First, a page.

Landing 4 was ok, not great, but not bad... see what you think of the flair timing on the vid... any tips?

Link to comment
Share on other sites

Nice blog🙂

don’t beat yourself up about bad landings or takeoffs. Obviously you don’t want equipment damage though. Most of my first 12 months was landing on my arse. Never really found out why, I think a combination of bad timing on flare and simply lifting my legs. Even now over 2 years and 150 flights in I’m doing about 30% of my landings falling to my knees. My legs just go on strike sometimes when I land. No more arse landings though. 
looking at your last takeoff seems you’re leaning forward too much. Possibly got your arms a bit forward too but the video angle makes it hard to tell. Don’t know why you went left, but looks like that may be what brought the wing down to the right. Then you gave it throttle when the wing wasn’t stable which was the big issue as you should have aborted if you couldn’t correct. Depends on your frame to an extent but I can feel where the wing is and rarely look at it. Something you’ll pick up pretty quick. I think sometimes things just happen so quickly that you can’t respond especially in the early days but it will definitely get better. 

I have a blog on here somewhere and things like this are the best lessons  you’ll be very aware on your next takeoff of getting it straight. I learned loads of lessons lol

good to read a detailed blog keep it up 🙂


  • Like 1
Link to comment
Share on other sites

  • 4 weeks later...

Flight 5 was supposed to be on Saturday morning.

Drove to the field, got set up... blew three launches in a row, and by that time i was knackered, and the wing was fairly wet from the dew so gave it up rather than try to push further and make a mistake.

I didn't even manage to get the wing overhead on any of three attempts, not too sure what was going wrong but it was totally nil wind, so I obviously need to practise more.

Sucked to drive 45 mins to the field and 45 mins back and not fly, but hey ho.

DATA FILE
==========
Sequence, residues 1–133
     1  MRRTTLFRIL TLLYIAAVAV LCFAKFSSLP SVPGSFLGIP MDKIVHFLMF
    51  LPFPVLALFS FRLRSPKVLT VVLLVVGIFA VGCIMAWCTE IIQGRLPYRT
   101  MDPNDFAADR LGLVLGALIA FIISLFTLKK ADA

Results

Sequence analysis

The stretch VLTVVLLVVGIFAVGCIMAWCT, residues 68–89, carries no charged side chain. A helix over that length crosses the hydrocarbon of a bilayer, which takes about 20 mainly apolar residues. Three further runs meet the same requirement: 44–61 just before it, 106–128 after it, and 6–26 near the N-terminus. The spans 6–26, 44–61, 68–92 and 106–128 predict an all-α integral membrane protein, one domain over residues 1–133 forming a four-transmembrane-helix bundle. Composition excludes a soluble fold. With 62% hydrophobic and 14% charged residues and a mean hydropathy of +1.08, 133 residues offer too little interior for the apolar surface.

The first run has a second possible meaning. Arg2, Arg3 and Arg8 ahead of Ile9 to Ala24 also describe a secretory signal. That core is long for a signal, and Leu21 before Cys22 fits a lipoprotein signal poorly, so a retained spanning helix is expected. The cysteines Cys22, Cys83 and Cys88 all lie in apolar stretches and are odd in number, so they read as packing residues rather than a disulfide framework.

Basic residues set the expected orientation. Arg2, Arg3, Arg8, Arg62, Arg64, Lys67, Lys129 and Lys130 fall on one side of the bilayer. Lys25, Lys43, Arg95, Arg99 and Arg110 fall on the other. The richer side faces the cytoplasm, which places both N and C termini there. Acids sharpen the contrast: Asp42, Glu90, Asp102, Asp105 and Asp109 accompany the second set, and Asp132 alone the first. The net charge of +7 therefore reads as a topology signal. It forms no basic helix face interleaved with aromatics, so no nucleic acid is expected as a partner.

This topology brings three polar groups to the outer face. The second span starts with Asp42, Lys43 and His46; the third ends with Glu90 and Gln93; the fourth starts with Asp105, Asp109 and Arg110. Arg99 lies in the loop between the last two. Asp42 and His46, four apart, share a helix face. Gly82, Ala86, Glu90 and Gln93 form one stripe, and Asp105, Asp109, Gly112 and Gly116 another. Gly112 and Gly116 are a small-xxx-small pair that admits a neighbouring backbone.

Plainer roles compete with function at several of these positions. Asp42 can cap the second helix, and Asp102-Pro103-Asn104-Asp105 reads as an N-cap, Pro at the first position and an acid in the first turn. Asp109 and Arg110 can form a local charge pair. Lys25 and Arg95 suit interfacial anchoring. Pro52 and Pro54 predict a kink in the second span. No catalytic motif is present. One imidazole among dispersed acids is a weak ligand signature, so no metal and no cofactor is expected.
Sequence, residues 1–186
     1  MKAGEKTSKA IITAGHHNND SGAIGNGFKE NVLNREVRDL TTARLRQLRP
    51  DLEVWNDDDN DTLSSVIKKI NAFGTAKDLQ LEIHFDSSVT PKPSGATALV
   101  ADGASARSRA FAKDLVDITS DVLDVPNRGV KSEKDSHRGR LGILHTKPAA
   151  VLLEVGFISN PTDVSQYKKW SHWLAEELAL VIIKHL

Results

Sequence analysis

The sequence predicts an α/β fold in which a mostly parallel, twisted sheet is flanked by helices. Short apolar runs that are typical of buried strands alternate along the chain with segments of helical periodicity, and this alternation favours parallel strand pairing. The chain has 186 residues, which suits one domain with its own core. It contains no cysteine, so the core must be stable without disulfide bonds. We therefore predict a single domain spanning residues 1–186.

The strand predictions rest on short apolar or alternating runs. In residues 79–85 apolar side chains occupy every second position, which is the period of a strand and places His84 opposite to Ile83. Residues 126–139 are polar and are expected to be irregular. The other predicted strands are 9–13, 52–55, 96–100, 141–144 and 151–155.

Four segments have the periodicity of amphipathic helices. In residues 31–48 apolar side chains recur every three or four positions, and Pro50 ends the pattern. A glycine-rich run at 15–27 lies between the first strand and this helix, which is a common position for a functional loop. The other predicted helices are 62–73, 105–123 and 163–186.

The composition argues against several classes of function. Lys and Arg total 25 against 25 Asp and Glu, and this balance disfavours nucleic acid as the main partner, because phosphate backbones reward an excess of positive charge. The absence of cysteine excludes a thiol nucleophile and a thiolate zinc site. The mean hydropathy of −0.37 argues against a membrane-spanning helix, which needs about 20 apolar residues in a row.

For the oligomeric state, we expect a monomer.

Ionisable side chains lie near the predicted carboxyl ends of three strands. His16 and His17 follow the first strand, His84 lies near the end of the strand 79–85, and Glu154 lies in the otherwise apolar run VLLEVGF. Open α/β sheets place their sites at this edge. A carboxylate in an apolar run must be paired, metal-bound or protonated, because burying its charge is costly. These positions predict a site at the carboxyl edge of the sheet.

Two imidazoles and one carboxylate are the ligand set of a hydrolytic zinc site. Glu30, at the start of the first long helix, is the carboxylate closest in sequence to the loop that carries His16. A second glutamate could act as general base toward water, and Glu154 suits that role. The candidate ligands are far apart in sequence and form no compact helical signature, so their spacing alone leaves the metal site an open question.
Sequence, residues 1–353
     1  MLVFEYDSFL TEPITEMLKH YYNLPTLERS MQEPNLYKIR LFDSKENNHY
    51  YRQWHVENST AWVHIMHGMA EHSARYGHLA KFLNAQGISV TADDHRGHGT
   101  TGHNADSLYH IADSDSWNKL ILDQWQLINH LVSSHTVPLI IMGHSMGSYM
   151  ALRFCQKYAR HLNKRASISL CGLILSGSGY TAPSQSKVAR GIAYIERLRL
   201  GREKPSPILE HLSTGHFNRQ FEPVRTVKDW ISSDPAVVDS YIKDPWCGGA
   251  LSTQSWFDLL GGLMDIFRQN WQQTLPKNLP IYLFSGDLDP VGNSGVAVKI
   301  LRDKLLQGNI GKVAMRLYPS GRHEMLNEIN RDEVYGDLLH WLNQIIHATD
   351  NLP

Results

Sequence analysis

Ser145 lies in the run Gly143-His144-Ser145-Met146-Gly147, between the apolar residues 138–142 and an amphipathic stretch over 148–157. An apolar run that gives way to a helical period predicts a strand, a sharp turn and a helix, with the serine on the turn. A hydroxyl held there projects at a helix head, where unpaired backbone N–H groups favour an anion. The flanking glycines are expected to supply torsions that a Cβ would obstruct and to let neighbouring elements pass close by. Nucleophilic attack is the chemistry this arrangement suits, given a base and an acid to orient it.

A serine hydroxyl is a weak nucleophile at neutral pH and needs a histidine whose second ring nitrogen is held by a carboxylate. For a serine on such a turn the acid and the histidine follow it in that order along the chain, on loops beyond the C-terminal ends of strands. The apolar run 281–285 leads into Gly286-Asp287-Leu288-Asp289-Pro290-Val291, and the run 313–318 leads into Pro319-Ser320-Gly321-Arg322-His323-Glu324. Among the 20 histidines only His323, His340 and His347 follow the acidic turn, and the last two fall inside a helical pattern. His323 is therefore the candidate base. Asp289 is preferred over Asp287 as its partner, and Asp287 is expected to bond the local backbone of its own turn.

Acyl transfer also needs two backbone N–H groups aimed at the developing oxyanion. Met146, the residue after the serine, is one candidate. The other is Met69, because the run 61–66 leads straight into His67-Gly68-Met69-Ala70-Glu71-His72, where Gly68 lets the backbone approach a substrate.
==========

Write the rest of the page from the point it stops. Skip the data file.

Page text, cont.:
Instructor thinks it might be that I'm a bit put of practice, and so my next task is to head to a the local park with just the wing and practice some ground handling whilst ever the weather isn't flyable.

  • Like 2
Link to comment
Share on other sites

Dew will always guarantee a wet wing and a wet wing will always be harder to launch so don't be too downhearted.

You could try pegging out a large tarpaulin to lay your wing onto or blow some of the water off the grass with your paramotor (wearing it!). 

  • Like 2
Link to comment
Share on other sites

  • 1 month later...

Flight 5 Happened today!

Blew one launch, My instructor was watching this time and immediately indicated that I was pulling the A risers rather than just running with them up... collapsing the front of the wing before it could get up. That explains all the blown launches recently.

2nd time was better... reverse launch into about 6mph wind. Straight up.

Struggled to get in the seat... so got some altitude then stowed the brakes and dragged the seat forward under me.

Pootled around for a bit, enjoying the view.  Did some experimenting with varying levels of power (my setup seems to turn right all the time. Even with no throttle, there is a slight right turn that gets progressively worse with power.)

Tried a few sharp turns, then eventually came back in for a landing.

Not good.

All was good until it came to the flair... left brake slipped out of my fingers... Ended in a rough bum slide after my legs acted like shock absorbers. 

Not pretty at all, but thankfully, no damage that i noticed. Ill give it a proper check over during to week to make sure.



  • Like 1
Link to comment
Share on other sites

You should take a look at your set up if you are turning without power. Are your offsets correctly set? Are you using torque correction on your wing? Is your harness causing you to be weight shifting slightly? Is anything bent? Was your wing trimmed properly? 

Link to comment
Share on other sites

21 hours ago, Steve said:

You should take a look at your set up if you are turning without power. Are your offsets correctly set? Are you using torque correction on your wing? Is your harness causing you to be weight shifting slightly? Is anything bent? Was your wing trimmed properly? 

For sure. Ill be checking all the above thoroughly before the next flight. Along with a full inspection of the Frame and engine to make sure my rough landing hasn't affected anything.

Link to comment
Share on other sites

Join the conversation

You can post now and register later. If you have an account, sign in now to post with your account.

Reply to this topic...

×   Pasted as rich text.   Paste as plain text instead

  Only 75 emoji are allowed.

×   Your link has been automatically embedded.   Display as a link instead

×   Your previous content has been restored.   Clear editor

×   You cannot paste images directly. Upload or insert images from URL.

  • Upcoming Events

    No upcoming events found
  • Create New...